I was on my way home the other day when I saw a fire truck at the local rec park. As I passed, I saw a female firefighter holding a hose and spraying water over a mob of squealing, laughing little kids. I quickly swung into the parking lot, pulled up near the rig, and watched.
And there I saw pure unadulterated joy.
There were 60 or more kids in bathing suits on the grass beside the lot. I rolled down my windows and just listened for a minute or two to those peals of laughter and shrieks, and watched as soaking-wet kids dashed in and out of the plumes of water.
Getting out of the car, I walked over to a woman who seemed in charge and who identified herself as one of the kindergarten teachers at the nearby elementary school. This was one of the last events of the school year, she explained, and after all the excitement the boys and girls would join a group of parents under a nearby shelter for lunch.
I observed this wonderful aquatic chaos for a couple more minutes, laughing like a fool with delight, and though I wanted to stay longer, I soon drove away, as we live in an age where an old guy watching school children raises suspicions.
The joy I collected from that spectacle rode home with me and stayed in my heart through the afternoon and into the evening. Every once in a while, I chuckled just thinking about those kindergarteners. The immense pleasure of those few minutes gave rise to thoughts about children and the burdens today’s culture is placing on them. That crew in the park was having a blast, running and jumping, just little kids being kids.
But some adults seem determined to snatch away that sense of wonder and joy, replacing it with fear and confusion. Do six-year-olds, for example, really need to know about doomsday climate change, an as-yet unproven theory? Do eight-year-olds benefit by being taught they’ll be judged for the rest of their lives by the color of their skin? (No one in that crowd being sprayed by the hose seemed to pay any attention to the pigmentation of their classmates.) And what sort of people favor introducing elementary school kids to sex education and gender identity? And why?
Little kids are already afraid of hobgoblins and monsters under the bed. Do adults really wish to add to those terrors and so kill off the innocence of childhood?
Fortunately, the answer to that question is no.
Plenty of families I know make every effort to give their sons and daughters a childhood free of the daily traumas inflicted on the rest of us by our culture. They monitor the books their children read and the movies they watch, they strictly supervise and limit their time on computers and phones, they read them poetry and fairy tales, and tell them bedtime stories. They watch what they say when discussing culture and politics in front of the kids. They work to instill virtues in their offspring while keeping them as free as possible from the vices of adulthood until they have reached the age of reason.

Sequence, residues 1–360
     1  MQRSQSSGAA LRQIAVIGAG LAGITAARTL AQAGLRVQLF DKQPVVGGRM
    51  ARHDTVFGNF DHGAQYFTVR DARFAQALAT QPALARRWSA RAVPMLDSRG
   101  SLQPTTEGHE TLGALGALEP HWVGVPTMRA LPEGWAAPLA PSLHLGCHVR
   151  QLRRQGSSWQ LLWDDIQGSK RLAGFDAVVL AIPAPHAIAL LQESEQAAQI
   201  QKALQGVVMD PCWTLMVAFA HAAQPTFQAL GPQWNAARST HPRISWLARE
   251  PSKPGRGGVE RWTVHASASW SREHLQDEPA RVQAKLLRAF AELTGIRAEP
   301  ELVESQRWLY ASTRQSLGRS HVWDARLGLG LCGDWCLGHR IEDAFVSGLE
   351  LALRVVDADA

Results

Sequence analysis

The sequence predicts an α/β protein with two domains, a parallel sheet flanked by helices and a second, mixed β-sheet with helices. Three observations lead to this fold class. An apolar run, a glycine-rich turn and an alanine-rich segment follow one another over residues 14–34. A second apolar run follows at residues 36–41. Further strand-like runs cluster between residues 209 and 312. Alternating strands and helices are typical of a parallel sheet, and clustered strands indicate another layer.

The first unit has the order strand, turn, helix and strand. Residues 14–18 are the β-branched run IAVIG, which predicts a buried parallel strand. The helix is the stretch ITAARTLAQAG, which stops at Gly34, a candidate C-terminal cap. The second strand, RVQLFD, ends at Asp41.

Of course, these moms and dads have their work cut out for them. Sex, cynicism, sarcasm, and obscenity are mainstays in our entertainment industry. Parents must keep constant watch over outside influences on their children: friends, the classroom, our public libraries, summer camps and sports teams, and more. Even other parents deserve scrutiny. In her article on “groomers” and gay pride parades, for example, Paula Bolyard points out that some people are fine with their children attending these events and finding amusement in such sights as “Beanie Babies with giant penises on them.”
As their children mature, the moms and dads who safeguarded their children’s innocence will teach them about love and sexuality. They will help their young people understand that the world can be tough, that plans fall apart, and that good does not always triumph over evil.
Meanwhile, these parents know in their heart of hearts that childhood is the time when the imagination sprouts wings and flies. It’s the time when the world can and should seem magical and sweet, loving and just. It’s the time when children recognize Mommy and Daddy as defenders of the realm who are there to protect, defend, and care for them, to kiss a scraped knee or to chase away bad dreams in the middle of the night.
Children get only one childhood. Let’s make sure we give it to them.
Image Credit: Picryl6 comments